We talked briefly about the task at hand, they nodded and said they could do it.

By the next morning a student stopped by my desk to film my cameo in the short, her patience and smile reassuring me that things were going to be just fine.

Tuesday afternoon two inspired students swooped into my office with a rough cut that they adjusted as I watched. Witty, short, and clear, what they’d created did more than I expected to make the topic accessible to new students and provide not only what Access is, but also how the students could sign up for it.

Screen Shot 2017-09-14 at 8.50.16 AMWe sent it out to all new families that night, and Wednesday morning, as Access rolled out for the first time this year the result was students, veteran and novice, in classrooms getting help from the teachers they needed to meet.

The student filmmakers received no “points” for making the short, nor did they even add their names to the credits (though I hope to persuade them to do so on the next short I ask them to make). They stepped up, however, to do something for their school and for the students new to our ACMA family. They brought humor and polish to their work, and even enlisted a real life new-to-ACMA student in the starring role of “new student.” They were, not to put too fine a point on it, the kind of inspiration that led Emerson to say “Trust men and they will be true to you; treat them greatly and they will show themselves great.”

Every week I am inspired by the young people I have the privilege to work with. Wednesday that inspiration came in the form of a minute and five seconds of kindness and creativity.

An Escaping Octopus

Here’s to whimsy. Here’s to unexpected and unnecessary creativity. Here’s to art that no one asked for and poems written on the cement in chalk.

It was an octopus that got me thinking about creativity yesterday, as it peered up at me from a wooden crate, two tentacles reaching out from between the splintered slats.

…honestly, it was a painting, a bit of public art on a metal breaker box in an alley behind an ice cream shop near the Oceanside Marina.

photo 5 (3)What struck me when I spotted the clever painting was that this was an example of an artist bringing to life something that had before only existed in her mind’s eye. Others had seen the metal box, used it, ignored it, but it took someone thinking differently and having the daring and ability to make what she could imagine into a reality.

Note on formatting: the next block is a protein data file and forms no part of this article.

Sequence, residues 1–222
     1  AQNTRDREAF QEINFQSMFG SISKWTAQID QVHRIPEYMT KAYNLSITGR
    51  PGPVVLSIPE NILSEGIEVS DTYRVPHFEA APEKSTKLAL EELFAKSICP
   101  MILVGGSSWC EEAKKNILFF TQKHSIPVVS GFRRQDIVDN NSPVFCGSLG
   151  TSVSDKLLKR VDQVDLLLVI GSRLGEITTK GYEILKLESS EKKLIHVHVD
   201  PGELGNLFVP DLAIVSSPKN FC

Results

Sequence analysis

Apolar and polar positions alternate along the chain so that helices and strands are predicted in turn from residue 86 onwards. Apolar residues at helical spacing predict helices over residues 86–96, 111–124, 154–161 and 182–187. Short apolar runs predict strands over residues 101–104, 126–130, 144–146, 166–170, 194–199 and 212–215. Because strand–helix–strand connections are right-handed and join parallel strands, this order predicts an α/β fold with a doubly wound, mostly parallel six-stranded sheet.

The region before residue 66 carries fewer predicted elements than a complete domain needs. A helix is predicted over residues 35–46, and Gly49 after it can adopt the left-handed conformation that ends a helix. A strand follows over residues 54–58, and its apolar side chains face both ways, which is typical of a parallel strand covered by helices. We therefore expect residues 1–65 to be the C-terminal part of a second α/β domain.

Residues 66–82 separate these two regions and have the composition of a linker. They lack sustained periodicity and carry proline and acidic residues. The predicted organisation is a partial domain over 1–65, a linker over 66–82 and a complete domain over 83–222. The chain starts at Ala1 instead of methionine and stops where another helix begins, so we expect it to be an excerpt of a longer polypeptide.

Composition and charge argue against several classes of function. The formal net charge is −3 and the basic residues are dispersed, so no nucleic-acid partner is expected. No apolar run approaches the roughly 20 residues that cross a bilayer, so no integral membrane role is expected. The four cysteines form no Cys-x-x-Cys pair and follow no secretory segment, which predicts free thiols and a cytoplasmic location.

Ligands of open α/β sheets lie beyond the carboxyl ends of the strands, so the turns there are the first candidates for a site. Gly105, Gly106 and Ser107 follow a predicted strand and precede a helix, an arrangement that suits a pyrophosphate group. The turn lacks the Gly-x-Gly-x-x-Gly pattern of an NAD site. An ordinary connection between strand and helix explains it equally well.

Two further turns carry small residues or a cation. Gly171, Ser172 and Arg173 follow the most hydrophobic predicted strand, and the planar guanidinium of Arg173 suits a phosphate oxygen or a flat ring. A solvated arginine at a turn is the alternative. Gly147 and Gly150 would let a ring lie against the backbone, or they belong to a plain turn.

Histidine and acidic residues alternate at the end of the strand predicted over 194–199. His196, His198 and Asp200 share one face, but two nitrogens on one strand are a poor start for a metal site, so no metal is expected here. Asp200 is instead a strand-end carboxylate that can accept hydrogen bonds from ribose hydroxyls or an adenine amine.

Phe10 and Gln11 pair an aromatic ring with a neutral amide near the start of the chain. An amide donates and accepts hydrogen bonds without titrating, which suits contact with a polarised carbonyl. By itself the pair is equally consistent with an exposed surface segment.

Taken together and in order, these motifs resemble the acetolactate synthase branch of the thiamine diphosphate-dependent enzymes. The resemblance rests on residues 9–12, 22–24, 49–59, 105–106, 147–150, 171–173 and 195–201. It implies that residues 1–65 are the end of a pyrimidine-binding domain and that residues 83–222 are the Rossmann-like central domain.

Mary Wollstonecraft, an 18th century thinker whose daughter, Mary Shelley, did her own bit of imaginative creation when she penned Frankenstein (as a teenager), wrote: “The generality of people cannot see or feel poetically.” I’ve always loved Wollstonecraft, but as a middle school principal, I don’t know that what she’s saying is exactly true …certainly not for the twelve and thirteen year olds I know.

Given the opportunity and encouragement, the middle schoolers I see every day think creatively and have the capacity to bring to life dreams no less whimsical than Victor Frankenstein’s creature.

It’s important that schools nurture this poetic thinking and unbridled creativity, particularly as angsty adolescence approaches with the threat of clouding everything in its path in emotional shadows.

Nurturing whimsy now, celebrating the creative spirit, and allowing flights of fancy may not stave off the broken hearts or tortured emotions of lunchtime at high school, but it might just provide the kids with enough optimism to stay alive inside until prom is over and mortarboards are in the air. Then, when life beyond school opens up before them, that sense of spontaneous creation, that whimsy and hope just might escape again, like an octopus from a painted crate.